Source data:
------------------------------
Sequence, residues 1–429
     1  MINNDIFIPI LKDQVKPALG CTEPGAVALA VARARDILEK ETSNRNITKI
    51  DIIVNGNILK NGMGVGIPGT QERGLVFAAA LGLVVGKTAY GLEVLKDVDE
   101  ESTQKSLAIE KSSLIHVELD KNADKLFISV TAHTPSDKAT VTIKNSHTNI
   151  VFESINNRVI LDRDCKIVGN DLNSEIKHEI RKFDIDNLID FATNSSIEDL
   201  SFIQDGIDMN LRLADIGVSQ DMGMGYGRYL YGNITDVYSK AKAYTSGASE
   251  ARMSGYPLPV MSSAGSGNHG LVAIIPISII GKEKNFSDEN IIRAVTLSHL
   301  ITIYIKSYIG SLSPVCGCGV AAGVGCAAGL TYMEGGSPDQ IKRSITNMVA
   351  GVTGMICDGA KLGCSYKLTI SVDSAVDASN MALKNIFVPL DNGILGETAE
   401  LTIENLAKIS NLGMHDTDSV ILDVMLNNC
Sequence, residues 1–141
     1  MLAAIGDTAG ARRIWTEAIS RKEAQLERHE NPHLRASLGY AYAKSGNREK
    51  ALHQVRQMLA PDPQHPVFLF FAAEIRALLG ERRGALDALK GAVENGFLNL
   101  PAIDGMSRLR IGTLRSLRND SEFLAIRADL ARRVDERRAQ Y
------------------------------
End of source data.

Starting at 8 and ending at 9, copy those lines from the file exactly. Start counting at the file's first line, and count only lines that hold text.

   301  ITIYIKSYIG SLSPVCGCGV AAGVGCAAGL TYMEGGSPDQ IKRSITNMVA
   351  GVTGMICDGA KLGCSYKLTI SVDSAVDASN MALKNIFVPL DNGILGETAE